7. Ask students to pick a title for their journal reflecting the emotions and feelings expressed within. Did the person long for freedom? Did he or she wish for death? How did the definition of "family" change as he or she was displaced and moved from location to location? What were the dynamic changes in how the enslaved viewed the slaveholders?
Assessment

Evaluate the creative writing assignments on a 25-point scale (and multiply by four to convert to a 100-point scale or to letter grades) using the following rubric:

Grading Element and Total Possible Points Excellent Good Fair Not Satisfactory No Work
Written Assignment's Historical Research and Accuracy

10 Points
(10) Demonstrates:

-- Extensive research

-- Many details

-- No factual errors or anachronisms
(9-8) Demonstrates:

-- Complete research

-- Some details

-- No factual errors or anachronisms
(7-5) Shows:

-- Minimal research

-- Generalized information

-- Some errors
(4-1) Shows:

-- Little or no research

-- No new information

-- Many factual errors
(0)
Written Assignment's Technical Writing Skills

10 Points
(10) Shows excellent:

-- Compositional structure

-- Sentence structure and variety

-- Vocabulary use

-- Grammar, spelling, punctuation
(9-8) Shows good:

-- Compositional structure

-- Sentence structure and variety

-- Vocabulary use

-- Grammar, spelling, punctuation
(7-5) Shows adequate:

-- Compositional structure

-- Sentence structure and variety

-- Vocabulary use

-- Grammar, spelling, punctuation
(4-1) Shows inadequate:

-- Compositional structure

-- Sentence structure and variety

-- Vocabulary use

-- Grammar, spelling, punctuation
(0)
Composition'sFelicity of Style and Presentation

5 Points
(5) Composition:

-- Engages reader

-- Shows high originality

-- Shows empathy with historical figures

-- Is visually interesting (if applies)
(4) Is above average in:

-- Engaging reader

-- Demonstrating originality

-- Showing empathy with historical figures

-- Eliciting visual interest (if applies)
(3) Is adequate in:

-- Holding reader's interest

-- Demonstrating originality

-- Showing empathy with historical figures

-- Eliciting visual interest (if applies)
(2-1) Composition: Demonstrates attempt to fulfill assignment with little or no success (0)

Related Works

  • The Schomburg Center's Images of 19th Century African Americans includes an online digital collection of depictions of slavery at: http://digital.nypl.org/schomburg/images_aa19/main.html. Additional images are available at the Schomburg Center's online exhibition The African Presence in the Americas 1492-1992 at: http://www.si.umich.edu/CHICO/Schomburg/.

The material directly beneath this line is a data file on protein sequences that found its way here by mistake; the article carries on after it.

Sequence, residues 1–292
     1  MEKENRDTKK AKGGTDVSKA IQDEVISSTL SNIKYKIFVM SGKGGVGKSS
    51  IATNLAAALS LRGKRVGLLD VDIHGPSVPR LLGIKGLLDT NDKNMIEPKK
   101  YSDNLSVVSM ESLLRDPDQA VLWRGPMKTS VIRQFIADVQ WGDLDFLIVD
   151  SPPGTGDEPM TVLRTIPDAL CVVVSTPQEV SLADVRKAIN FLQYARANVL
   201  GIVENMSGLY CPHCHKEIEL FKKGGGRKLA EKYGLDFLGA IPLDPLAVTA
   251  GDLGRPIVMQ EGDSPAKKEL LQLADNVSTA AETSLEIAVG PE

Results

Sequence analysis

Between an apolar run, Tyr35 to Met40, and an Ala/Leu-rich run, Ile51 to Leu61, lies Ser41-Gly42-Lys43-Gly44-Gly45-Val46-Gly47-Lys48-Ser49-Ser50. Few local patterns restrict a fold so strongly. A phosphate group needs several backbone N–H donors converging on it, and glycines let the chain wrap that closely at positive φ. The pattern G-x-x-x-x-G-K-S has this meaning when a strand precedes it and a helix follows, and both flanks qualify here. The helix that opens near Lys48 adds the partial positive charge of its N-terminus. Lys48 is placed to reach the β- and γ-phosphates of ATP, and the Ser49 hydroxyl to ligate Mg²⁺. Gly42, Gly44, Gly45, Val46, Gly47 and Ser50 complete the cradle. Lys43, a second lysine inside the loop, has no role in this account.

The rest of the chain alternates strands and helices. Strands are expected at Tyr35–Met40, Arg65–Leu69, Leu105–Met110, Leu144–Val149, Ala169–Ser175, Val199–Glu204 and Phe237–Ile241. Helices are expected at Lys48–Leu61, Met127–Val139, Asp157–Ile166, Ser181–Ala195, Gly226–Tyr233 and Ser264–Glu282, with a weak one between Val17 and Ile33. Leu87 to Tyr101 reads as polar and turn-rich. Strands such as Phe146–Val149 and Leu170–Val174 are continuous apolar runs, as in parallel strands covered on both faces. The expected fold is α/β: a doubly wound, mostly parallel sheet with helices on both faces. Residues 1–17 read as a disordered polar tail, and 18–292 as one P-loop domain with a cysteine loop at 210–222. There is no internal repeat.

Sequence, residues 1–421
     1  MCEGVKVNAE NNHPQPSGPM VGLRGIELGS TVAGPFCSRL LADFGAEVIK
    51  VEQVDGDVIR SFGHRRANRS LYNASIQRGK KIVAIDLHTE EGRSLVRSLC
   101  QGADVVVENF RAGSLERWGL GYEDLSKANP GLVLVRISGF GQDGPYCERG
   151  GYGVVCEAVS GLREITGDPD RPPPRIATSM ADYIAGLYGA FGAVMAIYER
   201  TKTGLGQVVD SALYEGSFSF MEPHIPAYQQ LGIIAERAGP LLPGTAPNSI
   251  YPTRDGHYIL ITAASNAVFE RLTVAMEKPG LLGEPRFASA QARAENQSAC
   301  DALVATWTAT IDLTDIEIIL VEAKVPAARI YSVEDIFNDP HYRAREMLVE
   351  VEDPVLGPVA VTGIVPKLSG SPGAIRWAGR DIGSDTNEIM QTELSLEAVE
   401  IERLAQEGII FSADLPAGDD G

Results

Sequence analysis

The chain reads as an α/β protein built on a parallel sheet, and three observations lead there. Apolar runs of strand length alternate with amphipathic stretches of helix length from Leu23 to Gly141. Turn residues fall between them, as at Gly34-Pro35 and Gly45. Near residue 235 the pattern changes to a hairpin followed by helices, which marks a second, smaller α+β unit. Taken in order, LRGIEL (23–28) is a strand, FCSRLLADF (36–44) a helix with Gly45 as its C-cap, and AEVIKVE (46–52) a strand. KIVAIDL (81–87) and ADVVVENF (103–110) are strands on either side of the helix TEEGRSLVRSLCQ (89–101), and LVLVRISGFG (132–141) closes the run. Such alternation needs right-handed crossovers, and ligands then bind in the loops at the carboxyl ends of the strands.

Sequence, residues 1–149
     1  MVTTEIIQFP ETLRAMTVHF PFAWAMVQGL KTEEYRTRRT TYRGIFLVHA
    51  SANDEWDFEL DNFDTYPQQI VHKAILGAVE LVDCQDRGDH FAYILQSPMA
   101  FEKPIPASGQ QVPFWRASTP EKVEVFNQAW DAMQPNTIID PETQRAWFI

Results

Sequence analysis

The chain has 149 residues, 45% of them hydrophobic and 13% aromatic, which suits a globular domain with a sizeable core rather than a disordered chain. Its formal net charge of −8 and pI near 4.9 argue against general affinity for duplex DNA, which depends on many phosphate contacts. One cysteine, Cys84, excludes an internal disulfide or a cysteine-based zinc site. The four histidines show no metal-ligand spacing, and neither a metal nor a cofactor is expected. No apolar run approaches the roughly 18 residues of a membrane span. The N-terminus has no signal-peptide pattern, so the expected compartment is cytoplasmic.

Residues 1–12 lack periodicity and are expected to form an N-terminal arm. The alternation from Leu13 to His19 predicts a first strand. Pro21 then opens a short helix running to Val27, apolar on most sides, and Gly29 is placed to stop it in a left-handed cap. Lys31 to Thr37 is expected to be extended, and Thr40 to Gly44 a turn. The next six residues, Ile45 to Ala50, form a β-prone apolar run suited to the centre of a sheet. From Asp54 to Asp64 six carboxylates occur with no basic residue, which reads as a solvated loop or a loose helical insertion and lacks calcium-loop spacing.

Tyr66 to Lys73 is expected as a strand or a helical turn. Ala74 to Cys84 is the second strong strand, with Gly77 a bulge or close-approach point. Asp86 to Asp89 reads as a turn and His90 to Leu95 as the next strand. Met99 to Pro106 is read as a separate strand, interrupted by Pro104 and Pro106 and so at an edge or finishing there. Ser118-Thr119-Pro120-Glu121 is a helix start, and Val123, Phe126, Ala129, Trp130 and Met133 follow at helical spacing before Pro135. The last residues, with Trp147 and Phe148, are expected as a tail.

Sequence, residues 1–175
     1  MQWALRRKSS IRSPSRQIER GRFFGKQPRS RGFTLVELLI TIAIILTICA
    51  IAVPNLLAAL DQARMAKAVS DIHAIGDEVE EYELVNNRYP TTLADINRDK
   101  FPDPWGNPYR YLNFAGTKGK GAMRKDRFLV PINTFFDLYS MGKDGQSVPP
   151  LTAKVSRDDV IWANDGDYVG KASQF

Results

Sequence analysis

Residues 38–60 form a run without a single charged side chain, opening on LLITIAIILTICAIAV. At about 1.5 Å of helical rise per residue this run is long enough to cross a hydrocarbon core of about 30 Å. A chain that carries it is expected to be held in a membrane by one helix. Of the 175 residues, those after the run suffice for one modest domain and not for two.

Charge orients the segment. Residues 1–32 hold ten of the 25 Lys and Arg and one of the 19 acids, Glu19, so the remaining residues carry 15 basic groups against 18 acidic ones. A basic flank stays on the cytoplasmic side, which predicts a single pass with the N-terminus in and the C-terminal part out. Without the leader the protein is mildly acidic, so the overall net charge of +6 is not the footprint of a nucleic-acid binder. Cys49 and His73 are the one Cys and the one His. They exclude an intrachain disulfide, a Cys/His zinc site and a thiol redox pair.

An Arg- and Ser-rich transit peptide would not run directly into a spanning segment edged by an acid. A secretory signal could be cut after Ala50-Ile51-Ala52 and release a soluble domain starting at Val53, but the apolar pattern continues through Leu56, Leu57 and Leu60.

• The Digital Classroom of the National Archives provides not only Federal documents, but also background information and lesson plans. Generic worksheets that may be adapted to a particular document are available for written documents, photographs, political cartoons, posters, maps, artifacts, sound recordings, and motion pictures. They can be accessed at: http://www.archives.gov/digital_classroom/lessons/analysis_worksheets/worksheets.html.
  • The Library of Congress' American Memory Collection features over seven million online digital documents. It is a rich resource for a wide variety of documents about slavery and the African-American experience, including the online exhibit African-American Odyssey. American Memory's homepage is http://memory.loc.gov/.
  • Jackdaw Publication's Slavery in America kit includes a nice assortment of facsimiles, including a letter written by a slave, a bill of sale, and a petition to free a slave. To find a complete list of documents, go to: http://www.jackdaw.com/.
Interdisciplinary Links

  • Language Arts: Students may wish to collaborate with the Social Studies, Art and/or Language Arts departments or teachers to mount the documents into a formal exhibit. Students will need to think about an introductory text for beginning of the exhibition, captions for each document in the display, and any other explanatory text or signage (directing visitors through the exhibit) that may be necessary. Students will be writing for the general public, so the text should be free of technical errors (i.e., spelling, grammar, punctuation, and capitalization errors), and the narrative should be clear, interesting, and informative. Students also will work with the Social Studies contact to confirm the text content's historical accuracy.
Home About Glossary The New York Public Library
Privacy Policy | Rules & Regulations | Using the Internet | Website Terms & Conditions

© The New York Public Library, 2005.